# Thread: Theory of Diminishing Weight Savings

1. ## Theory of Diminishing Weight Savings

Posited: that for a given rack location, the sum of the weight of the bike and the weight of the appropriate lock is a constant.

Not yet proven but supported by anecdote.

2. Why would the weight of the bike vary with the rack location? The weight of the lock, I can see that.

3. I agree. I've heard that your bike and lock(s) should weigh 40 pounds. I can see where rack location could make a difference.

I my small town, I would leave my 20 pound bike with one U lock and cable, but I would not do the same in a downtown metro area.

4. Ratio is : fancier the bike , the heavyer the lock you need,

in order to have it there when you come back to where you parked it.

now where the Bike Rack on the street, is does make a difference ..

Ever seen a frame locked up and every other part stripped ?

Now if you have where the rack you park your bike is a Variable factor..

then, if, there is a, say, fence around the bike-rack with its own Lock ..

or webcams and the area can be flooded with tear-gas and pepper-spray
remotely from the monitor site ,

5. This is why I leave my lock on the rack at work. If the lock required is dependent on rack location, why not leave a lock at the place I'm going most often. I keep another lock in my desk in case I want to stop somewhere on the way home.

The bike+lock weight is also somewhat dependent on how long you'll be stopped. In all but the worst areas a simple U-lock (but not a cable lock) will do for a quick stop at the convenience store. If you're leaving the bike all day, you need serious metal. If you're leaving it in the same place everyday, that probably also ups the required lock weight. How much does a bike locker weigh?

6. Originally Posted by jyl
Why would the weight of the bike vary with the rack location? The weight of the lock, I can see that.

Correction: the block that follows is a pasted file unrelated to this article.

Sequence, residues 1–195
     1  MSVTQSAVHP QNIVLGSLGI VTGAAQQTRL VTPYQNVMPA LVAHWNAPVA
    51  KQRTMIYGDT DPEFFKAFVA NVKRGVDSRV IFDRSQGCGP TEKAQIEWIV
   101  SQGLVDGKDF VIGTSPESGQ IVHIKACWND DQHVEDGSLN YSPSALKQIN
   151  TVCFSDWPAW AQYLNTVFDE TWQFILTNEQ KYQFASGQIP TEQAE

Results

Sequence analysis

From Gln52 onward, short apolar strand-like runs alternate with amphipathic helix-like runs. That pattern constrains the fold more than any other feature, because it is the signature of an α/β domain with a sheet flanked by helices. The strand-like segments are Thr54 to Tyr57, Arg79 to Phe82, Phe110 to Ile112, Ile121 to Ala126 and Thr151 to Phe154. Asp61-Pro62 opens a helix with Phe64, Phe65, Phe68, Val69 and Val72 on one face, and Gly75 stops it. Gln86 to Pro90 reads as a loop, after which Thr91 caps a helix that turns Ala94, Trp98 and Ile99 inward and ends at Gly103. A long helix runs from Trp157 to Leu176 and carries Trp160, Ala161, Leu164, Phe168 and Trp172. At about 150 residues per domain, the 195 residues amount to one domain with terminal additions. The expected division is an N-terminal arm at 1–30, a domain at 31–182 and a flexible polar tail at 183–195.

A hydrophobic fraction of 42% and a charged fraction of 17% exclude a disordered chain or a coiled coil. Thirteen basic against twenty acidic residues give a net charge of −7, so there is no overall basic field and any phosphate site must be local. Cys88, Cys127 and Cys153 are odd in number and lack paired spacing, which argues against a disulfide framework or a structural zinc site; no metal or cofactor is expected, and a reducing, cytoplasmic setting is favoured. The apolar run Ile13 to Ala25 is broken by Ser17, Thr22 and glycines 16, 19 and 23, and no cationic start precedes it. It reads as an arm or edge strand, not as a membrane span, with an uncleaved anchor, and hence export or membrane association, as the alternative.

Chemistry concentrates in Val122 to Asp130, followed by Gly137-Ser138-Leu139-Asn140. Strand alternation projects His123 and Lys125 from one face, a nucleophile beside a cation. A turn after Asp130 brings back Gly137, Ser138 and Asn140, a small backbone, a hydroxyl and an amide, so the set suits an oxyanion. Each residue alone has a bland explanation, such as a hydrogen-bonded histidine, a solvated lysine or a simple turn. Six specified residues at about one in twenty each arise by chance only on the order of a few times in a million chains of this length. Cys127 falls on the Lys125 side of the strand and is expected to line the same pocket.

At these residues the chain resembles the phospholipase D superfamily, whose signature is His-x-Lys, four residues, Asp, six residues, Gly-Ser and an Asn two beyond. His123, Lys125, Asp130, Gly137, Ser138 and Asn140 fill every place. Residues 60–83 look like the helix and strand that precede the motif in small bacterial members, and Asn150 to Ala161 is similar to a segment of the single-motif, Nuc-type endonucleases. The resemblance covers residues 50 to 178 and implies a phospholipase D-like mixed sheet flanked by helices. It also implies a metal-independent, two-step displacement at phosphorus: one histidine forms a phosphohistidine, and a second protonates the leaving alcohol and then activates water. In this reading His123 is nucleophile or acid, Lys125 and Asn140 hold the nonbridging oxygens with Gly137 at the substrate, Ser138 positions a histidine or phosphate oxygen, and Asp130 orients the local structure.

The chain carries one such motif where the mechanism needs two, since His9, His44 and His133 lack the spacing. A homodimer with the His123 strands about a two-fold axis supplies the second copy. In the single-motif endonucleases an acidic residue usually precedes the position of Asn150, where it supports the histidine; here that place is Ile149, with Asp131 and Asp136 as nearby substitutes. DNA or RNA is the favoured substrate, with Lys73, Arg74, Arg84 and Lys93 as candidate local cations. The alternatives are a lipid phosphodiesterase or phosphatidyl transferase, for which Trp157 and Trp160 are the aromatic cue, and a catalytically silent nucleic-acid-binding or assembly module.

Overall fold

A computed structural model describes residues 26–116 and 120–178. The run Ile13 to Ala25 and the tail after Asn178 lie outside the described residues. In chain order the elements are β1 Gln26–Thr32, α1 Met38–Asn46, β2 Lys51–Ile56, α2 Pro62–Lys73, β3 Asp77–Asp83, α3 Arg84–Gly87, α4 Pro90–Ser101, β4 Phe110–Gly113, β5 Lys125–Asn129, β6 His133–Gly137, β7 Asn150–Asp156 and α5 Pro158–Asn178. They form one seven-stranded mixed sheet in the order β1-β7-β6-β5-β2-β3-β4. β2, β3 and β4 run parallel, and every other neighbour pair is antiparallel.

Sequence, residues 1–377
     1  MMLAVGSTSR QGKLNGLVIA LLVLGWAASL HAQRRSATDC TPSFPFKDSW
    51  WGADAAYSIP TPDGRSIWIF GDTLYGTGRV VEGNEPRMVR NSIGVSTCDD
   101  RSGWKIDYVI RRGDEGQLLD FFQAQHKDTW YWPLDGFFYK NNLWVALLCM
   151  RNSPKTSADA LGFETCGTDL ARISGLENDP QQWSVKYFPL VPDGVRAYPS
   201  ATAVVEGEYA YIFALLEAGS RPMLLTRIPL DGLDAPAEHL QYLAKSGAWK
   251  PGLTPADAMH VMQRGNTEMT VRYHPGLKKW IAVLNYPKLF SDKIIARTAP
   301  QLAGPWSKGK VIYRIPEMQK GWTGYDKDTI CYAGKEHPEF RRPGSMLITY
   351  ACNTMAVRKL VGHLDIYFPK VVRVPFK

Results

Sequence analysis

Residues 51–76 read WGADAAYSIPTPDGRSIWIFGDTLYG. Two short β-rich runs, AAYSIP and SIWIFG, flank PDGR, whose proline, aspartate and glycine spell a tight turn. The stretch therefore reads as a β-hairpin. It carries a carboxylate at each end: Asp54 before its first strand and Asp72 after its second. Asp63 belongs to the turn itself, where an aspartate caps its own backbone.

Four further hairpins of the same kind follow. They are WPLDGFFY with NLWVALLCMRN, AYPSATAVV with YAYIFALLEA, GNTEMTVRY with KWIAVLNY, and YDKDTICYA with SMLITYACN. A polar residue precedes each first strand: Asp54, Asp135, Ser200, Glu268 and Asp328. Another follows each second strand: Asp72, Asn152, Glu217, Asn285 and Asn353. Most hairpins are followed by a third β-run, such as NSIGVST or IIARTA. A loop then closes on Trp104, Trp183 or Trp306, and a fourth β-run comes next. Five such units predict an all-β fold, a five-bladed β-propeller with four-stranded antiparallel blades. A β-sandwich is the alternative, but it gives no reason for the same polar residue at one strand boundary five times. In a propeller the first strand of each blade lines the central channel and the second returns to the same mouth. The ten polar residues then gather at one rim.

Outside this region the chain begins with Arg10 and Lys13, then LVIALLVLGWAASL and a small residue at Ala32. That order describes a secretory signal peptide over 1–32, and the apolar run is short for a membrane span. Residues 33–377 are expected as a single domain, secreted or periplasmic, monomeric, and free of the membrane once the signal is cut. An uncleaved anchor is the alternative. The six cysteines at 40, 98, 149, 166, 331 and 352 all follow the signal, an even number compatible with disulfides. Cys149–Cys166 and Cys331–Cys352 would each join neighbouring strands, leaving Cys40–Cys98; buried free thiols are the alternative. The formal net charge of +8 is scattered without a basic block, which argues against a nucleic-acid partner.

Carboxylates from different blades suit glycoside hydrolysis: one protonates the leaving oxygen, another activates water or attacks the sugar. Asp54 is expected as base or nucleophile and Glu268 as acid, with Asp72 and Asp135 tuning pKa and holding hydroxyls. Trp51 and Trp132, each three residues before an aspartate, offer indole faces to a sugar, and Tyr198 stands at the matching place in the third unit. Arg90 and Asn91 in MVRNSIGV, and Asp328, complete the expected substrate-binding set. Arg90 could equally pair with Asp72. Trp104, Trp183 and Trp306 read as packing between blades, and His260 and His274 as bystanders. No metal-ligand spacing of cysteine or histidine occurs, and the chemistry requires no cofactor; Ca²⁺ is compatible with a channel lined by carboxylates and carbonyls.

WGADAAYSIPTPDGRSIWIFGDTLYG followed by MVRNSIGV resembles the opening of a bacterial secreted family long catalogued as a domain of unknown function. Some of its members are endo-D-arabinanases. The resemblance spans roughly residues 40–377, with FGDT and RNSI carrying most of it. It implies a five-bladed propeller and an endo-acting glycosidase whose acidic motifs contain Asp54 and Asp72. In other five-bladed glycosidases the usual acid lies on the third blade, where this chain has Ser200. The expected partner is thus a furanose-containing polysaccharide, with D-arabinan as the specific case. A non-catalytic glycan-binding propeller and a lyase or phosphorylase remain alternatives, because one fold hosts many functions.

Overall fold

It's the sum of the weights. Say, for instance, a 20-pound bike requires a 20-pound lock. In that same location a 30-pound bike requires a 10-pound lock and a 40-pound bike requires no lock. Of course this formula fails completely in places where bakfiets are considered nice bikes.

7. My sister-in-law locked up an old no-name three speed for 4 years in and around Oakland CA with a bungee cord. See called it the "bungee of trust". I think that bike weighed around 45 pounds, including basket, kickstand, fenders, and about 4 pounds of rust.

My sister-in-law locked up an old no-name three speed for 4 years in and around Oakland CA with a bungee cord. See called it the "bungee of trust". I think that bike weighed around 45 pounds, including basket, kickstand, fenders, and about 4 pounds of rust.
+1

9. I refuse to leave my bike outside anywhere !!! it comes inside the stores with me. if the bike has to leave so will I

10. Originally Posted by Darth Lefty
Posited: that for a given rack location, the sum of the weight of the bike and the weight of the appropriate lock is a constant.
I like your theory. My only corollary would be that losing 50 lbs of body weight makes the bike and lock mass-less. I'm working on it and ever hopeful.

11. Be free, don't carry a lock, your bike will be weightless and ever accelerating.

12. The sum of the weight of the bike and lock must always equal precisely 30 pounds. That means if you have a 15 lb bike you need a 15 lb lock, or if you have a 40 lb bike you need a -10 lb lock. Gravity is, of course, part of this equation, so if you're parking on the moon you'd need to account for less weight per unit of volume and if parking on, say Jupiter you likely won't be able to park your bike unless it's made of something with little mass, like hydrogen.